But he made no secret that he still harboured hopes of being appointed Lord High Commissioner of the Ionian Islands, which remained a British colony until 1864. His affection for the Greek people continued in his final years and in 1851 he wrote: ‘I always think of my second country, the (to me) dear island of Cephalonia.’
Until he died in 1853, he held on to Koutoupi, his house and small plot of land in Argostoli. He explained in a letter to Metaxa: ‘I keep Cutupi because I love Cephalonia; were I younger I would go and live among you a private gentleman; but I am seventy, and the night closes fast upon me.’ One historian says, ‘few who bore the name Philhellene deserved it so well.’
Napier’s daughters, who had been left behind in Kephalonia, were eventually taken to Ireland by Edward Curling, who later moved to Newcastle West, Co Limerick. Napier’s brother, Sir William Napier, is a direct ancestor of Archbishop Justin Welby of Canterbury.
Sir Edward Law and
Sir Edward Fitzgerald Law (1846-1908) became involved in securing Greek economic independence long after most of the Philhellenes. I might have passed by Law’s contribution to making Greece an independent, modern state, except I came across his name by accident on two, successive occasions: reading a description of a visit to Athens by his cousin, Archbishop John Allen Fitzgerald Gregg, and researching the biographical details of his father’s cousin, the Revd Patrick Comerford Law (1797-1869) of Killaloe.
Edward Law was born in Rostrevor House, Co Down, a son of Michael Law, later a director of the Bank of Ireland, and his wife Sarah-Ann, daughter of Crofton FitzGerald. The Law family was a long-established clerical family in the Church of Ireland, and family members included the Revd Francis Law (1768-1807), who married Belinda Isabella Comerford, and the Revd Patrick Comerford Law (1797-1869).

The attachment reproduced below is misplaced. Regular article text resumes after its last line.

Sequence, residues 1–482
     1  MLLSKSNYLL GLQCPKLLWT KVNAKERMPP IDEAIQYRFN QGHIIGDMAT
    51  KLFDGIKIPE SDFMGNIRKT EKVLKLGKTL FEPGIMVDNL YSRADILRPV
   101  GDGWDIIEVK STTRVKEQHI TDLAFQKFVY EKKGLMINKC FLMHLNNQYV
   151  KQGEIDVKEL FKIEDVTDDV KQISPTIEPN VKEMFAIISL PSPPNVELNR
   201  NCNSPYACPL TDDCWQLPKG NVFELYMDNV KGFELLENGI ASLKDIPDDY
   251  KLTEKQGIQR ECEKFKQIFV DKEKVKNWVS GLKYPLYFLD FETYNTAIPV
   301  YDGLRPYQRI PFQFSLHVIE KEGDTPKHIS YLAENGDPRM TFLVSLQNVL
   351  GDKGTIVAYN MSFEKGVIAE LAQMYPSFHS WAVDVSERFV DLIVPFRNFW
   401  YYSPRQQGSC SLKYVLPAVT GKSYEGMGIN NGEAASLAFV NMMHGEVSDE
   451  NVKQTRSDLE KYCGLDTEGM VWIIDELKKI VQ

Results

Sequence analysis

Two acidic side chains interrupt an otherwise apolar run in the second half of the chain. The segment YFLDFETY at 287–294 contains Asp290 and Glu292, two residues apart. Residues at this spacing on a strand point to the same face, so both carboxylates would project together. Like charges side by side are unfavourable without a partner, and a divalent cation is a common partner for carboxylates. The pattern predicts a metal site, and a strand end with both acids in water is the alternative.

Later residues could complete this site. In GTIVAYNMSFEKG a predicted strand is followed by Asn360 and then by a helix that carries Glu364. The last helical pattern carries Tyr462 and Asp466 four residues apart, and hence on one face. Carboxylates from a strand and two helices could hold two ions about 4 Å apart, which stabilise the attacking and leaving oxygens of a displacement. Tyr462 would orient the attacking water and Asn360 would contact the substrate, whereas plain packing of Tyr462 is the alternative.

He presided over the finances of Greece in the 1880s and 1890s, restructuring the Greek debt and the nation’s economy, to the lasting advantage of Greece. He married Catherine (Kaity) Hatzopulo, from an old Byzantine family, in 1893, and they settled in Athens. There he became involved in the Greek struggle for autonomy on the island of Crete for autonomy and its eventual unification with Greece in 1908.
Law was knighted in the British honours system in 1898 and died in Paris on 2 November 1908. He was given a state funeral in Athens on 21 November. Crown Prince Constantine (later King Constantine I) and the entire Greek cabinet attended his funeral service in Saint Paul’s Anglican Church.
The graveside eulogy in the First Cemetery was delivered by a future Prime Minister, Nikolaos Kalogeropoulos. One Greek newspaper, Neon Asti, commented: ‘He loved Greece with the devotion of a son … he was a Greek at heart. As he felt for Greece, more than a Greek, he watched over her, advised her and warned her.’
At least 31 people of Irish birth or with an Irish identity played a public role in Greek political life during the struggle for independence and in the consolidation of the modern Greek state later in the 19th century.
In Athens, Gladstone unveiled a memorial to Church in Saint Paul’s Church, where there are two windows to his memory. There are statues to Napier in Trafalgar Square and Saint Paul’s Cathedral, London, and there is plaque commemorating Sir Edward Law in Saint Patrick’s Cathedral, Dublin. But the Irish Philhellenes are often forgotten at home in Ireland.
Tzortz Street, close to Omonia and the Polytechnic in Athens, was named after Church, using a transliteration of his name as he spelt it in Greek. The spelling ‘Tzortz’ remains on the nameplates in Greek at each end of the street, but on most pillars and maps ‘Tzortz’ is badly transliterated from Greek into English as ‘George’ rather than ‘Church.’
Similarly, Law’s only memorial in Athens is a street named after him. A year after his death, the city council agreed unanimously to name a street in central Athens after him. His cousin, John Allen Fitzgerald Gregg, Archbishop of Armagh, visited Athens in 1951. When the Mayor of Athens was told of the archbishop’s kinship with Law, he invited Gregg to return as the guest of the municipality – ‘an offer which I fear I cannot hope to take advantage of.’
But this street is usually transliterated into English from the Greek as ‘Eduardo Lo’ – making it impossible for most pedestrians and passers-by to identify him.
This two-page feature was published in March 2021 in the ‘Church Review’ (Diocese of Dublin and Glendalough)